With anticipation, the fairly packed crowd (however, much lesser than I myself had anticipated) were mainly youngsters, and gathered themselves before a relatively compact stage. Newcomer Mike Posner would be to appear first, as he only has an album under his belt (31 Minutes To Takeoff) so far. Fans need not wait any further, as second offering Sky High will be released sometime early 2012, with first single off it ironically titled Looks Like Sex. You read it right – and um, how much more intelligence can you expect from that, really?

Dressed in a bright and dashing red jacket, with a back embroidery titled Brain Trust, a plain black tee inside, black three quarter pants and loud sneakers, Mike looked refreshed and alive, as he looked ahead to his own debut Singapore performance and interaction with the fans alike. But alas, has he not been told or informed of the basic Singapore crowd behaviour – conscious, cautious and careful?

He performed songs from his debut, kicking start with Please Don’t Go, Do U Wanna, Bow Chicka Wow Wow (less Lil’ Wayne), a new song from the upcoming record (which I think he lied in saying that it was the first time he was performing it live, as an artiste’s marketing and hype technique to get more cheers and screams), covered Adele’s Rolling In The Deep (with an interesting drummed-up version) and a surprise slowdown to Oasis’s Wonderwall, away from all the current mainstream dance-pop that he is well associated with.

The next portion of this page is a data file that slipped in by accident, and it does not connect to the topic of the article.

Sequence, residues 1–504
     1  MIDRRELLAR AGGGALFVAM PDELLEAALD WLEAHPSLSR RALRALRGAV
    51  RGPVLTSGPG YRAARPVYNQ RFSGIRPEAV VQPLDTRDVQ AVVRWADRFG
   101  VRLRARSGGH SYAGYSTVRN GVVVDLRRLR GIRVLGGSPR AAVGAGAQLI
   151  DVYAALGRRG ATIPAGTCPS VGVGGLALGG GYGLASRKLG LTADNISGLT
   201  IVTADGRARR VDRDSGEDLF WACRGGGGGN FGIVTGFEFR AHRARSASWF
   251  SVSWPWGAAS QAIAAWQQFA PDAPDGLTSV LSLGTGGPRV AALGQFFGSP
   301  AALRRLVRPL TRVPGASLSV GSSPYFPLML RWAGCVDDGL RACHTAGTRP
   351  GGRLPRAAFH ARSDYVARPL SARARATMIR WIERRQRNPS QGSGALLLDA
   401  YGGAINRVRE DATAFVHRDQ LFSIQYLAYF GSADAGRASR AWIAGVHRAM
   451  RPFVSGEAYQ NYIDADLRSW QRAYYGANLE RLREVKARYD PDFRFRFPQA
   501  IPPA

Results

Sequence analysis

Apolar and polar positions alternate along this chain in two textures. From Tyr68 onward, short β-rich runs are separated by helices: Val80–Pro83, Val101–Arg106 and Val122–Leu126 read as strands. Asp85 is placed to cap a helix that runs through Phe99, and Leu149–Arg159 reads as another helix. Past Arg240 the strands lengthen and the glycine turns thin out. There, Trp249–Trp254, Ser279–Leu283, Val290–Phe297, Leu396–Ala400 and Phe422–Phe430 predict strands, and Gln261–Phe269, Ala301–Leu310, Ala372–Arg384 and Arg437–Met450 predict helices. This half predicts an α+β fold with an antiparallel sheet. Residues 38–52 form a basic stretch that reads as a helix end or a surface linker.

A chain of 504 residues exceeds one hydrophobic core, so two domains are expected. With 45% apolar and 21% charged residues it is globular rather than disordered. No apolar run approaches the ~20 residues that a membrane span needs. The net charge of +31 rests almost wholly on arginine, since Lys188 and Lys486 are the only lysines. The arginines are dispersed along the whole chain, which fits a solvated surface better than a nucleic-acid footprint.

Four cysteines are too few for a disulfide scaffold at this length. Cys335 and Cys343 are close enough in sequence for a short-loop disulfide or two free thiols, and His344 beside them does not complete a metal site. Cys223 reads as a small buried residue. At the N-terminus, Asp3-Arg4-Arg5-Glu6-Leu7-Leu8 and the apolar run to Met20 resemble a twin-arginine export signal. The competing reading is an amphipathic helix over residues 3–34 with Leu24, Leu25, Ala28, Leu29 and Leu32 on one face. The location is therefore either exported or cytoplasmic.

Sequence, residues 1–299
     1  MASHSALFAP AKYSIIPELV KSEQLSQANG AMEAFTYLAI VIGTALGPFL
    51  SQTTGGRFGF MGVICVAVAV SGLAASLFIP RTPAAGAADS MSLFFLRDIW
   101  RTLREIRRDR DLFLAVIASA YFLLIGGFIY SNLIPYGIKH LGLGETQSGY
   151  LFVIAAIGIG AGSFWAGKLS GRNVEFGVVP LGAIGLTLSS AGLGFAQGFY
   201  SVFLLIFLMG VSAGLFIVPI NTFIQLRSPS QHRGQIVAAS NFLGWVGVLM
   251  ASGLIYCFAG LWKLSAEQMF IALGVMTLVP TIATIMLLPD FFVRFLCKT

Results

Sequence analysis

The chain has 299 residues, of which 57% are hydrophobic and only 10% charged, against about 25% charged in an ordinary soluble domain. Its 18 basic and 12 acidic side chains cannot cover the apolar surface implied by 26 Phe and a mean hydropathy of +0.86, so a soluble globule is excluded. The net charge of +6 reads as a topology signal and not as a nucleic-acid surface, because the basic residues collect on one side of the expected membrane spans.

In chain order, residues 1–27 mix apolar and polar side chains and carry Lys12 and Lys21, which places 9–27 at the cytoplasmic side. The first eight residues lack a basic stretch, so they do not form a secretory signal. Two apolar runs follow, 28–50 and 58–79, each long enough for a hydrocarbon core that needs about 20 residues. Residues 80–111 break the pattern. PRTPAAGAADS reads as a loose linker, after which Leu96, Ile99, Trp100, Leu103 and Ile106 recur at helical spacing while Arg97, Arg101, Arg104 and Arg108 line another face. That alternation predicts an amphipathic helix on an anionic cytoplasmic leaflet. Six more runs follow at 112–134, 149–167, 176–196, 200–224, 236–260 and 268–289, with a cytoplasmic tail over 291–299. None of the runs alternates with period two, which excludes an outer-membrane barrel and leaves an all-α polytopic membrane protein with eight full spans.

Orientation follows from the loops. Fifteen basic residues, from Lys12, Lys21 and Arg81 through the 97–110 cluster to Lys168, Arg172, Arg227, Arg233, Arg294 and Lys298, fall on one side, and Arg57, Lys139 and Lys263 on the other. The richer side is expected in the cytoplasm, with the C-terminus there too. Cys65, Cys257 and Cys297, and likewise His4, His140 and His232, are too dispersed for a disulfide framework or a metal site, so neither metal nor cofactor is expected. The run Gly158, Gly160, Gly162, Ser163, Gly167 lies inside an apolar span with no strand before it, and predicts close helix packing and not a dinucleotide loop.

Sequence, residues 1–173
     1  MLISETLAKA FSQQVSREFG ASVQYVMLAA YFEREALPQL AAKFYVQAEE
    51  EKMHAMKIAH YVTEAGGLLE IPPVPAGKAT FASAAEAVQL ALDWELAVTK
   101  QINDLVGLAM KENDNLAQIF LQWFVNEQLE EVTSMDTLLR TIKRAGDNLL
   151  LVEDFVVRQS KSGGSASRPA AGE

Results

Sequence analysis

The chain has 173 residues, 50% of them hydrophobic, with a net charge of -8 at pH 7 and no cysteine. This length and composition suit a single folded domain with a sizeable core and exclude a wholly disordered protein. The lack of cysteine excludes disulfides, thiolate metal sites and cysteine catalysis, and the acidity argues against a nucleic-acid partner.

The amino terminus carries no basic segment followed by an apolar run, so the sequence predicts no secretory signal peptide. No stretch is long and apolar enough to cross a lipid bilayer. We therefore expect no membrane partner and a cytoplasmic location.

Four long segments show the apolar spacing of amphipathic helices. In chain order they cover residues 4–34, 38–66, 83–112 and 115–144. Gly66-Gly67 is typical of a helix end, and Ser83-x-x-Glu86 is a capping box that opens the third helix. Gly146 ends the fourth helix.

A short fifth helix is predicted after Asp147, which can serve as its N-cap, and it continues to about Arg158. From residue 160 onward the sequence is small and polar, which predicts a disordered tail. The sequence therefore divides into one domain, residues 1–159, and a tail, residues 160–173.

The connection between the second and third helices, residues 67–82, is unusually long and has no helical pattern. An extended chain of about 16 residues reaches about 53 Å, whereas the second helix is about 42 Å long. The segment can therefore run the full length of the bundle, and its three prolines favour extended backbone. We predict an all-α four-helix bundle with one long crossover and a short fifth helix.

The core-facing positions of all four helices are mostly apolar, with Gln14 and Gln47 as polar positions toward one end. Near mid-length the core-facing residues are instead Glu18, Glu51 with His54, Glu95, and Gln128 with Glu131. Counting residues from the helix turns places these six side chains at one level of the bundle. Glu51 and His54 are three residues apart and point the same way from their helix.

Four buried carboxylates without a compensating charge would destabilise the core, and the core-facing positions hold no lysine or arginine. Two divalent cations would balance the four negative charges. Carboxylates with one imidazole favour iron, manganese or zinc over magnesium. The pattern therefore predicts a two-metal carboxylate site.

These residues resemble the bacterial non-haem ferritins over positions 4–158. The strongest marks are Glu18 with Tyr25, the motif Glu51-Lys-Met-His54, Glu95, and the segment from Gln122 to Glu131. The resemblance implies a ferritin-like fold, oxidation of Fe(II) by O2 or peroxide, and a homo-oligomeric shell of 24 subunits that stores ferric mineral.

He had the look and eyes of confidence, arrogance and stride as a musician may have, and maybe that of an American. His energy was contagious, as he bounced and jumped up, down and across the stage, standing atop the sound speakers and various attempts to get close and intimate with the front of the audience. However, as much as he worked the crowd, it was quite concrete evidence (through his expression) that he was disappointed with the whole response – it wasn’t like an O2 Arena, U2 concert type. Nonetheless, both sides of the spectrum (Mike as performer and the audience at large) did their best, especially much so the ladies when Mike joined the crowd and lost his tee in the process. You can just imagine and visualize the girls go weak in the knees as a buffed Posner stood onstage to conclude his set and greet a goodbye.